Each module (a file with Python code, ending in .py) has its own namespace. All the functions defined in the module use the module's namespace as their global namespace. The functions won't look elsewhere (except for the built-in namespace) for names that are referenced within them. This means that the author of a module can use global names in a module without worrying about their conflicting with global names used elsewhere. In other words, whenever you see "global" used in Python, think "module global."
Tip For more about modules, see Chapter 12.
When a module imports another module, the imported module's name becomes part of the importing module's namespace. You can then access its functions and other information by using the module name, a dot, and the function name, the same way you can when you import a module into interactive mode.
Imagine you have a module called mymod.py that does nothing but import another module:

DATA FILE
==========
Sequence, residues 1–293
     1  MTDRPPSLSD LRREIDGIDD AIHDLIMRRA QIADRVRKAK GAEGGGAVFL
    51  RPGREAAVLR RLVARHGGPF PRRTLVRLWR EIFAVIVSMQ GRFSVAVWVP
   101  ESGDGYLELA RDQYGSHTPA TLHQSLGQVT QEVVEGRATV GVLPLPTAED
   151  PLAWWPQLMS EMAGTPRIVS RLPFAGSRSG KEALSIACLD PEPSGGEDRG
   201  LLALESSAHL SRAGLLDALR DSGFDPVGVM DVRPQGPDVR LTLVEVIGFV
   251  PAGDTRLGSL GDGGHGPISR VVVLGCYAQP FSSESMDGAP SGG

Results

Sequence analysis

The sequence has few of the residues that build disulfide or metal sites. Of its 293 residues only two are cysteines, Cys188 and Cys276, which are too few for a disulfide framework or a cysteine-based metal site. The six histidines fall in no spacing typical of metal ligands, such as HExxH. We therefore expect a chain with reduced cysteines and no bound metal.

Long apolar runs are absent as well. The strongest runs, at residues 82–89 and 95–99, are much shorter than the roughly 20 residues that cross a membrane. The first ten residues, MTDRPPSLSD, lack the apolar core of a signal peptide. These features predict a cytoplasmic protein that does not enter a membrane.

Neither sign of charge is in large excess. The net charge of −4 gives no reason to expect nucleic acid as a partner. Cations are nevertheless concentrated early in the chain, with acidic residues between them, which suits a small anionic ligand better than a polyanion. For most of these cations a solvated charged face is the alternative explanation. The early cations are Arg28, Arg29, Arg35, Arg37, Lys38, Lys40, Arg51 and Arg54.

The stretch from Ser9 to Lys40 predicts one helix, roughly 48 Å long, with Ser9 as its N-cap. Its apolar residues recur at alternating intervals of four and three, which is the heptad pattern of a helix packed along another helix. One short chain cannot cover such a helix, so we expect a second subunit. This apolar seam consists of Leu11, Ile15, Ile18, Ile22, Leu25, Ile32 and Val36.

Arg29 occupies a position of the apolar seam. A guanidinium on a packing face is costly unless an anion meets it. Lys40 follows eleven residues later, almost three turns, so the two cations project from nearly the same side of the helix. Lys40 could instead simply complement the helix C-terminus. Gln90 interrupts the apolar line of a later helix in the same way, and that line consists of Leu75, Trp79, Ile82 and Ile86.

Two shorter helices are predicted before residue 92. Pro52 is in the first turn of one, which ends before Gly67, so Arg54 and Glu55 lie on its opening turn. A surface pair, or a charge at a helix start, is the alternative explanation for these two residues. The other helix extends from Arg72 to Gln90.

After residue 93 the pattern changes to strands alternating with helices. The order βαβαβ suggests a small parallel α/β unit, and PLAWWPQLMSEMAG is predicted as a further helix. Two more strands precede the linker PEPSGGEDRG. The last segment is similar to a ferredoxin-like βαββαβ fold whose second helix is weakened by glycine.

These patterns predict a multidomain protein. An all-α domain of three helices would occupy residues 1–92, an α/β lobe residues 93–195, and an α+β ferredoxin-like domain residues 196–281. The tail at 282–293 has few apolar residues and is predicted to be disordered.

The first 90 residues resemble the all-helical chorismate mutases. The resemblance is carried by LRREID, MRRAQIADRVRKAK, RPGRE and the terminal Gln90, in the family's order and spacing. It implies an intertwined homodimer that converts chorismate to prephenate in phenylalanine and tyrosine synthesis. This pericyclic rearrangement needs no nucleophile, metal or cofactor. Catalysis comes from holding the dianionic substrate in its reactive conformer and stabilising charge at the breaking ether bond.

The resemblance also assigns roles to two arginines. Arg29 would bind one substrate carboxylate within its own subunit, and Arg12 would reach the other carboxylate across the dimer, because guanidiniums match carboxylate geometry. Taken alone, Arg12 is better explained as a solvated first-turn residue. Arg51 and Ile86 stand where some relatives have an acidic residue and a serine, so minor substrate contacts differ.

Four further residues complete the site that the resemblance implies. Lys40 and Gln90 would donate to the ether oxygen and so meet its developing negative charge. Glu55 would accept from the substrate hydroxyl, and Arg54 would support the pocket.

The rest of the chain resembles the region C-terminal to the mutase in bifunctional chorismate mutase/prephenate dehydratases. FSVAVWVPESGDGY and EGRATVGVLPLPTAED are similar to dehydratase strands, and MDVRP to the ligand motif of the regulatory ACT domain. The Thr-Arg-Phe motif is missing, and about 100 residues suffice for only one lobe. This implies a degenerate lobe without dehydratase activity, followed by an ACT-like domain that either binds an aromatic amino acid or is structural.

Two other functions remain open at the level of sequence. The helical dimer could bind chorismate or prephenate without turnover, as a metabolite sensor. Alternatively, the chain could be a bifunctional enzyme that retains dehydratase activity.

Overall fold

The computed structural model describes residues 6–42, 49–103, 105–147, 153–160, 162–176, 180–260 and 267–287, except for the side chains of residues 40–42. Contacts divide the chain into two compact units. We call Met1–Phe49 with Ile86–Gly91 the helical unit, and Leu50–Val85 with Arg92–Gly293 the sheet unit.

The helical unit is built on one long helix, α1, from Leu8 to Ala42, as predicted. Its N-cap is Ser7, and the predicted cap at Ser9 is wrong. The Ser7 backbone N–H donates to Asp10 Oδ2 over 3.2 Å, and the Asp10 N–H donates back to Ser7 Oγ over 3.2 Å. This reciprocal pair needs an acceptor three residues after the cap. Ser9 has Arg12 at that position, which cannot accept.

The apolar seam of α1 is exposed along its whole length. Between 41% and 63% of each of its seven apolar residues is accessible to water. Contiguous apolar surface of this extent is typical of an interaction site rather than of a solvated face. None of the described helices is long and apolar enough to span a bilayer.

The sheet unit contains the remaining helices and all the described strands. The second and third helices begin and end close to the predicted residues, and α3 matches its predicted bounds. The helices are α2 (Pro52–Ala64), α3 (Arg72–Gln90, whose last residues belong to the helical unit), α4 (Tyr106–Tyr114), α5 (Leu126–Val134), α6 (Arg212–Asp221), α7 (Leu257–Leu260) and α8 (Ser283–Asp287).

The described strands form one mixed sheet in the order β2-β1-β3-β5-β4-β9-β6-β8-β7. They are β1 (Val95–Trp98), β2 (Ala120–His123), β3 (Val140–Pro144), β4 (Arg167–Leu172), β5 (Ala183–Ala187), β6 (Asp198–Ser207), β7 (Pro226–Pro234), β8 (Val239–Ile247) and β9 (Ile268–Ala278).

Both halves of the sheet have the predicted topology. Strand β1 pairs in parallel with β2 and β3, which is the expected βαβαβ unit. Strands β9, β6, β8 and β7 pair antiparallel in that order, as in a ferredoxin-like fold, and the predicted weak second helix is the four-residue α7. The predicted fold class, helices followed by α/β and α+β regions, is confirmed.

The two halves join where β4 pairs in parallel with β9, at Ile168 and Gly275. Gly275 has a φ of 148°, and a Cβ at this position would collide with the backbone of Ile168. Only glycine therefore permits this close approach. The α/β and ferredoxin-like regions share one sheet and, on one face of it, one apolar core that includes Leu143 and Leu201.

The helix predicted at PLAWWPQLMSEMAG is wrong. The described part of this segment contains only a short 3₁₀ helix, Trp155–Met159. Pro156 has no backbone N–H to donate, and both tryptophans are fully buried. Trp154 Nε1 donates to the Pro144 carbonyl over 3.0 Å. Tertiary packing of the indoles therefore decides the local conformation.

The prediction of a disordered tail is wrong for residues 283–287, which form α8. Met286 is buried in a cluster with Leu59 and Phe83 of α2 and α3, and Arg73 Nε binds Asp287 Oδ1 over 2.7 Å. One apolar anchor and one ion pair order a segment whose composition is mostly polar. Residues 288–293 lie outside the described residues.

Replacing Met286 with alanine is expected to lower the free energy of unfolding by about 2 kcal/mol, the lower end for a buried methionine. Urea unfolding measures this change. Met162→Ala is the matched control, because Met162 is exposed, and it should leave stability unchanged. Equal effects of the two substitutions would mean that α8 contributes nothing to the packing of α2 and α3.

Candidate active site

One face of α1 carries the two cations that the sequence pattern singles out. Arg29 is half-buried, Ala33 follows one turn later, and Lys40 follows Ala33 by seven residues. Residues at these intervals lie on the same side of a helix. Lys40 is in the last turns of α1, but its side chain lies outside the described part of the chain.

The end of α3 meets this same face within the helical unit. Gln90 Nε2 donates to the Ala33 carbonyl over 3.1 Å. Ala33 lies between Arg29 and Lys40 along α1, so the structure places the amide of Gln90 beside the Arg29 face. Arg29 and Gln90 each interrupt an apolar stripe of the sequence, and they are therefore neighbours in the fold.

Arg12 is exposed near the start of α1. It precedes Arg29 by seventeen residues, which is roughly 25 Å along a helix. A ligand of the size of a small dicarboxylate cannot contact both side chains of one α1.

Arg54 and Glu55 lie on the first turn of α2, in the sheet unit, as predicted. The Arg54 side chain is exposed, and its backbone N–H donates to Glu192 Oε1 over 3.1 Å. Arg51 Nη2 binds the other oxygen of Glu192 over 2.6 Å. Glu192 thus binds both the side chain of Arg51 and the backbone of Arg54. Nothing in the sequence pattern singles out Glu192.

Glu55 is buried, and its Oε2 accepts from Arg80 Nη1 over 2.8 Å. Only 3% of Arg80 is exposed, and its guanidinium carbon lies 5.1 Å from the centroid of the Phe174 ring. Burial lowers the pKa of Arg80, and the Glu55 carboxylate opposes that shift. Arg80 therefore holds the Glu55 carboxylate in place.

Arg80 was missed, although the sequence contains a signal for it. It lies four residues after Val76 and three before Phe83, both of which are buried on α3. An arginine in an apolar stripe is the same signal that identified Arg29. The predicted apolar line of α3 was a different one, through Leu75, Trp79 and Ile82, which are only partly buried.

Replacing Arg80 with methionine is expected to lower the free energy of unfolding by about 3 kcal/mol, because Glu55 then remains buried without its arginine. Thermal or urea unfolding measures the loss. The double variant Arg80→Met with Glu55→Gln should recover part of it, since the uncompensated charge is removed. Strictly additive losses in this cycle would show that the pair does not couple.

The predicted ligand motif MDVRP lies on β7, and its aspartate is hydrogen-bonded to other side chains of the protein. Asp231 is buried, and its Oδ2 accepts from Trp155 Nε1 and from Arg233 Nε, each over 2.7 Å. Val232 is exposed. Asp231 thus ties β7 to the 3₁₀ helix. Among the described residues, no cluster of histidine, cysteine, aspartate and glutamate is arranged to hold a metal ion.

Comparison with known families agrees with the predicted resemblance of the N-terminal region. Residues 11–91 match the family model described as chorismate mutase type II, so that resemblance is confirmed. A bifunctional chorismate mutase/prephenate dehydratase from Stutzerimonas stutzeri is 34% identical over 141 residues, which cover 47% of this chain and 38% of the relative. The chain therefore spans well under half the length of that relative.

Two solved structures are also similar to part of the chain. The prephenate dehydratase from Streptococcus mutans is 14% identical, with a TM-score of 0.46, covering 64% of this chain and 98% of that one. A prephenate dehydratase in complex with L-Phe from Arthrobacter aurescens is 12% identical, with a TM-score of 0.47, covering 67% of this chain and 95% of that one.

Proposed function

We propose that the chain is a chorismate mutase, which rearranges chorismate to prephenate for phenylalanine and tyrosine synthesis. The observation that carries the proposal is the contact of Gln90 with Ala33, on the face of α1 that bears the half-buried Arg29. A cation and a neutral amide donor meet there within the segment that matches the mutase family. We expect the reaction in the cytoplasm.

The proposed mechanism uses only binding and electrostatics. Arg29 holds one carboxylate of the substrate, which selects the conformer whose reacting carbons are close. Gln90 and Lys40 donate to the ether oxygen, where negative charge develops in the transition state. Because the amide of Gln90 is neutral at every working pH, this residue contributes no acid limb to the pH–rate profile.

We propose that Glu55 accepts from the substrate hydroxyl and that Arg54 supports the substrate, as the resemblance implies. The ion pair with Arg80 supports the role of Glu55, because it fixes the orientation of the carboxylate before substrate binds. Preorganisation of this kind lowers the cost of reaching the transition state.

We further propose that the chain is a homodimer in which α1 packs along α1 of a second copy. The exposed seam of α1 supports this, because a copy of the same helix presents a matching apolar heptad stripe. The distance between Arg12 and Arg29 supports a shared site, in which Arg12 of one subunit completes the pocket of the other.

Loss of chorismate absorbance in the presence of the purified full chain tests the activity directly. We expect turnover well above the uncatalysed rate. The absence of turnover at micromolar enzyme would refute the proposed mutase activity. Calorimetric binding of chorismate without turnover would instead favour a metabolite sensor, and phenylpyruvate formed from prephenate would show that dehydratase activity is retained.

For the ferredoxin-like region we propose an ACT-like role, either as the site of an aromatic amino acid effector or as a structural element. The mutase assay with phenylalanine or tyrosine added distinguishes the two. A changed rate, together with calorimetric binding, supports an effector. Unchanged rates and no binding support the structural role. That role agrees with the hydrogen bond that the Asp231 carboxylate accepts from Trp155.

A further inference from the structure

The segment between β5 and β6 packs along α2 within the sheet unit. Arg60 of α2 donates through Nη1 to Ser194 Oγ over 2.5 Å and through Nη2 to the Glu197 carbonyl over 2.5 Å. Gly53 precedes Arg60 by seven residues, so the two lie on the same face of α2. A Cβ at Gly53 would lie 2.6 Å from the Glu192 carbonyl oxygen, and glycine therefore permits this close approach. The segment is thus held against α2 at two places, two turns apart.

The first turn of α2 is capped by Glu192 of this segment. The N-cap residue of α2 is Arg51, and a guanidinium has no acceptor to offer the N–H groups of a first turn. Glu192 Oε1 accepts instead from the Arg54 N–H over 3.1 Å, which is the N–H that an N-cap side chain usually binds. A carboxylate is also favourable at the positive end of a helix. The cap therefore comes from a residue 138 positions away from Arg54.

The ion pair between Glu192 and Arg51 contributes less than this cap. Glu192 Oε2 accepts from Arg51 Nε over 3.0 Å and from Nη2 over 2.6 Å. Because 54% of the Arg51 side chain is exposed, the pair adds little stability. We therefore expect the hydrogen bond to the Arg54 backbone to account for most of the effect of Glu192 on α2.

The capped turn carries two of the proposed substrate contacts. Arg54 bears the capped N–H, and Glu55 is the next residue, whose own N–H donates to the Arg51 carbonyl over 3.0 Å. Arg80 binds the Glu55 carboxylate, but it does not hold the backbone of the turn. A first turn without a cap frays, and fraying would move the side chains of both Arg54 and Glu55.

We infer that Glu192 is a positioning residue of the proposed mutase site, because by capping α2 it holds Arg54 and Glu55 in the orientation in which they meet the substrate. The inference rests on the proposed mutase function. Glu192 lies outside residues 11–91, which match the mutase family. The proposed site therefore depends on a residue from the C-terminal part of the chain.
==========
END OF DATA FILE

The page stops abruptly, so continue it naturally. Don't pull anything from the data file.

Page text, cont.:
# module 'mymod' import math
If you import this module into interactive mode, you can print the math.pi constant by typing this code:
>>> import mymod >>> mymod.math.pi 3.14159265359
But the name math and its constant pi are known only inside the module. The surrounding namespace of interactive mode still doesn't know about the math module:
Traceback (most recent call last):
File "<stdin>", line 1, in <module> NameError: name 'math' is not defined
TECHNICAL It's possible to manipulate a module's global names by using the STUFF same notation used to refer to its functions, modulename.itemname.
You should do this only if you know what you're doing. (It's an advanced feature we don't cover in this book.)
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